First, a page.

29 Jan - 21 Feb 2015
Animal Pyramid, 1989
Polyurethane foam, iron, wood, and wire
144 x 84 x 96 inches (366 x 213 x 244 cm)
29 January – 21 February 2015
Gagosian New York is pleased to present Bruce Nauman’s Animal Pyramid of 1989.
Since the 1960s, Nauman's radical interdisciplinary approach has challenged conventions while producing new methodologies for creating art and meaning. Body and selfhood, the role of language, the phenomena of spatial awareness, and the relationship between artistic process and viewer participation are recurring themes in his art. His rigorous, ascetic approach to the existential dichotomies of life/death, love/hate, pleasure/pain has embraced performance, video, holography, installation, sculpture, and drawing. From the attitudes and forms of his Post-Minimalist and Conceptual work to his most recent sound installations, persistent themes and ideas appear: the use of the body as material; the relationship between image and language; and the generative interaction of positive and negative space.
In 1988, after a hiatus of nearly two decades focused on time-based media, Nauman resumed his work with cast objects. But rather than casting empty space or human forms as before, he turned to readymade molds—in this case, taxidermy molds used in preparing stuffed animals, which he first saw in a local taxidermy shop then procured from a mail-order catalogue.
Animal Pyramid is a stack of seventeen taxidermy molds rising to twelve feet. The carnivalesque arrangement of these alien creatures made out of amber-hued polyurethane evokes the dichotomy of nature and sport: four upside-down foxes crown graduated rows of deer and caribou, eerily featureless—even ambiguous—without their prized pelts and horns. The entire ensemble is visibly cobbled together with wire, the work of a morbid puppeteer. Like the preceding work Carousel (1988)—where dismembered taxidermy forms hang and drag from a steel axis that turns in an agonizing danse macabre—Animal Pyramid disturbs with its vision of carnage submitted to an artificial and bloodless geometric order.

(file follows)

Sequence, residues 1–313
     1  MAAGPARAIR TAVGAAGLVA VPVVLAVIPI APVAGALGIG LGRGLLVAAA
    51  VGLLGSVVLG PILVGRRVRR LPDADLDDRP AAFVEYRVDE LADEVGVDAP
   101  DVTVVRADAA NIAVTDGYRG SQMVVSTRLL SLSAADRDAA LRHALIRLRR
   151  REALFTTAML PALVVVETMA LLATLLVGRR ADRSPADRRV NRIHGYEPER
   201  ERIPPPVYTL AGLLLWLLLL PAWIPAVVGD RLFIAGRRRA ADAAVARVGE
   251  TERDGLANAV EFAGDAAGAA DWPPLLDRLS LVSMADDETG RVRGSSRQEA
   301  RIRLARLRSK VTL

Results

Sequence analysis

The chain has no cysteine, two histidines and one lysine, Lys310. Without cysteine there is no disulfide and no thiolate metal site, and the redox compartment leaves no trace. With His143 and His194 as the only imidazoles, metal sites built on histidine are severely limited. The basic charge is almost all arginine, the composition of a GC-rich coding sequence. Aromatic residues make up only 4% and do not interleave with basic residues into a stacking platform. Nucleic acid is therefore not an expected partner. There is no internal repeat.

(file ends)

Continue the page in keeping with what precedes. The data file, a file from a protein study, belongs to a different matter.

The work’s stemmed violence also probes the unsettling gap between real and surrogate, a common cultural obsession from the fetish objects of West Africa to the dismembered mannequins of Hans Bellmer and Cindy Sherman, and Maurizio Cattelan’s melancholy take on the Bremen Town Musicians. With Animal Pyramid, Nauman's meditations on the fraught human condition within a larger world ecology take shape in the very materials by which living nature is transformed into still life.
In 1990, the Greater Des Moines Public Art Foundation commissioned a cast bronze version of Animal Pyramid. It is installed in the grounds of the Des Moines Art Center, Iowa.
Bruce Nauman was born in 1941 in Fort Wayne, Indiana. His work is represented in public and private collections worldwide. Major solo exhibitions include “Bruce Nauman: Inside Out” Museo Nacional Centro de Arte Reina Sofía (1993–94, traveled to Walker Art Center, Minneapolis; Museum of Contemporary Art, Los Angeles; Hirshhorn Museum and Sculpture Garden, Washington, D.C.; and Museum of Modern Art, New York, through 1995); “Bruce Nauman: Mapping the Studio I (Fat Chance John Cage),” Dia Center for the Arts, New York (2002); “Mapping the Studio,” Museum für Gegenwartskunst, Basel (2002); “Bruce Nauman: Theaters of Experience,” Deutsche Guggenheim, Berlin (2003); "Bruce Nauman: Raw Materials" Unilever Commission, Tate Modern Turbine Hall (2005); “A Rose Has No Teeth: Bruce Nauman in the 1960s,” UC Berkeley Art Museum and Pacific Film Archive, Berkeley, CA (2007); “Notations/Bruce Nauman: Days and Giorni,” Biennale di Venezia (2009, traveled to Philadelphia Museum of Art; and Museum of Modern Art, New York (through 2010); “Bruce Nauman: Dream Passage,” Hamburger Bahnhof, Berlin (2010); and “Bruce Nauman’s Words on Paper,” Art Gallery of Ontario (2014). His work has been included in the Whitney Biennial (1977, 1985, 1987, 1991, and 1997); and the Venice Biennale (1978, 1980, 1999, 2005, and 2007). Nauman lives and works in Northern New Mexico.